Permitting Roadblocks to Restoration
Extensive permit requirements for restoration projects can serve as a disincentive. Multiple federal and state permits or authorizations, as well as local county or municipal permits and coastal zone development permits are needed for even small habitat restoration projects. The sheer number of permits, plus the ballooning costs to fulfill the permit requirements and permit fees, can stymie restoration efforts.
Simplified Statewide Permits
Many state and federal agencies have developed simplified approaches for permitting restoration projects. These “programmatic” permits apply to a variety of restoration projects saves significant time and money for both the applicant and agency staff, without sacrificing environmental protections.
Sustainable Conservation is working with state and federal agencies (Army Corps of Engineers, U.S. Fish & Wildlife Service, and the State Water Resources Control Board) to develop simplified approaches for permitting voluntary restoration projects. Work is ongoing to develop a simplified permit with the National Marine Fisheries Service (NMFS) for critical habitat restoration projects in the Central Valley, through the Sacramento and San Joaquin River watersheds and Delta, with plans for completion in 2018. See their list of expedited/simplified programmatic permits and approvals currently available from state and federal agencies for habitat restoration projects.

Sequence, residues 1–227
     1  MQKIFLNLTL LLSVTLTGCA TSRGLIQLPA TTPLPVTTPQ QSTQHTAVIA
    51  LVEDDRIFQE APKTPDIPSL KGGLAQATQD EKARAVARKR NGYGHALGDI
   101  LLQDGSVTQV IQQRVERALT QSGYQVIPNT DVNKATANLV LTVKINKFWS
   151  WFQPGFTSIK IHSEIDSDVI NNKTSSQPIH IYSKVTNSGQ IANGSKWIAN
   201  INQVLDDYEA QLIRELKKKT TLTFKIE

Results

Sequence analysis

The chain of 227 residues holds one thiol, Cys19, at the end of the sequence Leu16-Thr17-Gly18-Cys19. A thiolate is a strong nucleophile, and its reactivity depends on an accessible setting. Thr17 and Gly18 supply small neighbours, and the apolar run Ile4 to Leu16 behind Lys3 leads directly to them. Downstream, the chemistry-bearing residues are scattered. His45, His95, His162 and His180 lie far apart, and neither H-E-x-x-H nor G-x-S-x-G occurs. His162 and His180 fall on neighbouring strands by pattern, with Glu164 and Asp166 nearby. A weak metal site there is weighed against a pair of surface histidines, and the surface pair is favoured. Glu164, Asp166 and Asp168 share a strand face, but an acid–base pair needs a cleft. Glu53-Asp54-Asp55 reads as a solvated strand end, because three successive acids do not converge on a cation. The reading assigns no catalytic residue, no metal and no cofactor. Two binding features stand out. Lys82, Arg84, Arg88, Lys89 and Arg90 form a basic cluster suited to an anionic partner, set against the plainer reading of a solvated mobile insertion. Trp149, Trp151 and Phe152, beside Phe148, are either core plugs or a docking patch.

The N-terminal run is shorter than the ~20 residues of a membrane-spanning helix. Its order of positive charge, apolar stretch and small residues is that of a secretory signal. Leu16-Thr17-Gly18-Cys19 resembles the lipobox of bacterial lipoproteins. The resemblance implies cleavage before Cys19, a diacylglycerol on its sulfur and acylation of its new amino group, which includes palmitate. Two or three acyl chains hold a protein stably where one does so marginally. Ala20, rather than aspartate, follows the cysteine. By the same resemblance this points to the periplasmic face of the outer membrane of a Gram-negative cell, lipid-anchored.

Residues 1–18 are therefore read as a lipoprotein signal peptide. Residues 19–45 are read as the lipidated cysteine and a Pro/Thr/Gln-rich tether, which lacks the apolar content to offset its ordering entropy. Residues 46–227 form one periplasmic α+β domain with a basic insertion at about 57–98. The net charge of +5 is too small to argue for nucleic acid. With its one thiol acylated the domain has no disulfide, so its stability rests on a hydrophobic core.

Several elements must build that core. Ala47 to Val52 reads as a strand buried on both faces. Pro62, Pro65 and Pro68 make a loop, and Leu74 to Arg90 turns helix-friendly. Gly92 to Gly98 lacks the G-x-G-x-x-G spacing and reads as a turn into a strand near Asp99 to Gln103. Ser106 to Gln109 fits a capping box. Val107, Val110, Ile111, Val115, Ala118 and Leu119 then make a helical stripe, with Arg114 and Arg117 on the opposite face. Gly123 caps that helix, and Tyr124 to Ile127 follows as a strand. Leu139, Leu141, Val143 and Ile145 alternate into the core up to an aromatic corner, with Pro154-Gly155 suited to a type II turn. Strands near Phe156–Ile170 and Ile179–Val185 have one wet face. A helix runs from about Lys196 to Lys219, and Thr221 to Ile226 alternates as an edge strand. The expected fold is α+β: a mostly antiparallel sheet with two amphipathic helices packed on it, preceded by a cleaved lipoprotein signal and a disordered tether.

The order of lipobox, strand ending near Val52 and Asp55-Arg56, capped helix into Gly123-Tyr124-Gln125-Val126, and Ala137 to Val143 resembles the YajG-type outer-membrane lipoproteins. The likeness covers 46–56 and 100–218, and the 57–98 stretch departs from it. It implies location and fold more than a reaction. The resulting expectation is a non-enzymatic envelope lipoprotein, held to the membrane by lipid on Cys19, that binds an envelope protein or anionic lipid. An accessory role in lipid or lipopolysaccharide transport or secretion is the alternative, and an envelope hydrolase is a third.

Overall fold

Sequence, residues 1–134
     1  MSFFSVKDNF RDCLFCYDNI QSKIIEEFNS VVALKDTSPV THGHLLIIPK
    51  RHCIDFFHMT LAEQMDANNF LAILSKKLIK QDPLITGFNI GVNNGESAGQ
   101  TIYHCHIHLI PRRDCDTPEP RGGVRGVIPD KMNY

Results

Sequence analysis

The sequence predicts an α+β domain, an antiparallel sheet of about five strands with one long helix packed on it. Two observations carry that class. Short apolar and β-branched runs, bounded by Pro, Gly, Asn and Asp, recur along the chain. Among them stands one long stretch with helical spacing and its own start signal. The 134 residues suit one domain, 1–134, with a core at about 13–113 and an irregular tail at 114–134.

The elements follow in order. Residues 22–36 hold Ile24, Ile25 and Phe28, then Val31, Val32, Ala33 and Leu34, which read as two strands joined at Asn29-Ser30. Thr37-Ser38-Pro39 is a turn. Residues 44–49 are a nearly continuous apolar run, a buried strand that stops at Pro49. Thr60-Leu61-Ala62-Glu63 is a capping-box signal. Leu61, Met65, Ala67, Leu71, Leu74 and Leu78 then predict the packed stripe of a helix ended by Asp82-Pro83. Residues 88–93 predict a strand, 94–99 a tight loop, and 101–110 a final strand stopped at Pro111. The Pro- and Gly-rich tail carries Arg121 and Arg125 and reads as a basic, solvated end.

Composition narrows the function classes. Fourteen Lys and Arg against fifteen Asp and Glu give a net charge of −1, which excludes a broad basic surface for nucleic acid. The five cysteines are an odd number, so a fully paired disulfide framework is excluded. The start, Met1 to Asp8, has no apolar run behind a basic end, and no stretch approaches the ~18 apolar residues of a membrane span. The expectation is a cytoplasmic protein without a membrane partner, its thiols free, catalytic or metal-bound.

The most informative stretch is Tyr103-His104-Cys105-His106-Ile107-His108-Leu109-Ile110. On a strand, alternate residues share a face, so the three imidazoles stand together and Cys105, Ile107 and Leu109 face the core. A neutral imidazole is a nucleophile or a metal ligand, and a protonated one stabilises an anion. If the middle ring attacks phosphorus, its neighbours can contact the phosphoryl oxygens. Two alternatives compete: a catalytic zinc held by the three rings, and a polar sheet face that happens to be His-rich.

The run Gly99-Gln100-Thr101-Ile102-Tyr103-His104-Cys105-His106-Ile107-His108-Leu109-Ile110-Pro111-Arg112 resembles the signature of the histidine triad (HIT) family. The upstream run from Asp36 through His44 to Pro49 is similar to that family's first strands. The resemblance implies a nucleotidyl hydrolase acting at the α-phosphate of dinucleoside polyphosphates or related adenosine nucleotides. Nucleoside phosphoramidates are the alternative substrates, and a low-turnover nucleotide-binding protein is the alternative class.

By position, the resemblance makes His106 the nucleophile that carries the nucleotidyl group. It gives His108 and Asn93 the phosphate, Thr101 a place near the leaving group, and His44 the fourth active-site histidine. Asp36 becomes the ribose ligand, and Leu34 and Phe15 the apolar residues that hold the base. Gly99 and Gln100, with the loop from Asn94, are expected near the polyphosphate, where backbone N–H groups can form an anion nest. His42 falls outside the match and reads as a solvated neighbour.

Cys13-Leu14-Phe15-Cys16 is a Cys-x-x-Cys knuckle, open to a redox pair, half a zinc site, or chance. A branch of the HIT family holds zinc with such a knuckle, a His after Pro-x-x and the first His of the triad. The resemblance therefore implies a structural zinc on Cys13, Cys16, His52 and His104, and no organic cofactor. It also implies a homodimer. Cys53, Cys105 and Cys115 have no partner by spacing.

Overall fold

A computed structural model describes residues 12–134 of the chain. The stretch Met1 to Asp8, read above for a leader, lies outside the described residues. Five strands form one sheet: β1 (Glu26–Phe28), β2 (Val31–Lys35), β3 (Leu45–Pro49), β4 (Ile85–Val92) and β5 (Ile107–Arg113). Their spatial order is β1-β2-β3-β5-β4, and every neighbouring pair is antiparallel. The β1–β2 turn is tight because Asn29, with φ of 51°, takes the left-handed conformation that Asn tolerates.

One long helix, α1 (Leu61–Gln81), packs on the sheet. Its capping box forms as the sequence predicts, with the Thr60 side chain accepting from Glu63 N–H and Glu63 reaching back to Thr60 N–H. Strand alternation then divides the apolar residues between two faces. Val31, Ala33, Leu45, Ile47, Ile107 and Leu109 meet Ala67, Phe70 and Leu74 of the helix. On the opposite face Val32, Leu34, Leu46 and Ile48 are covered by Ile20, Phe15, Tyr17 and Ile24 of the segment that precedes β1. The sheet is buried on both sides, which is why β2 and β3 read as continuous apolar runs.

Habitat Restoration and Enhancement Act of 2014
The Habitat Restoration and Enhancement Act of 2014 (AB2193) established a simplified permitting process with the California Department of Fish and Wildlife for landowners, state and local government agencies, and conservation organizations wanting to implement small-scale, voluntary habitat restoration projects across California. Restoration and Enhancement projects approved by CDFW, pursuant to the Act, will not require additional permits from CDFW, such as a Lake or Streambed Alteration agreement or California Endangered Species Act permit. Additionally, CDFW will approve complete applications within 30-days or 60-days depending on the type of request submitted (i.e., Fish & G. Code, §§ 1652 or 1653).
More information is available at the California Department of Fish and Wildlife’s webpage on the Habitat Restoration and Enhancement Act and Sustainable Conservation’s HRE webpage. Sustainable Conservation’s Application Guide is available here.
Wood for Salmon Working Group
The Wood for Salmon Working Group to identify potential mechanisms to simplify permitting processes and incentivize implementation of more large wood augmentation projects. The group developed a Guidance Document on Permitting Wood Restoration Projects in Central and Northern Coastal California and other tools and resources.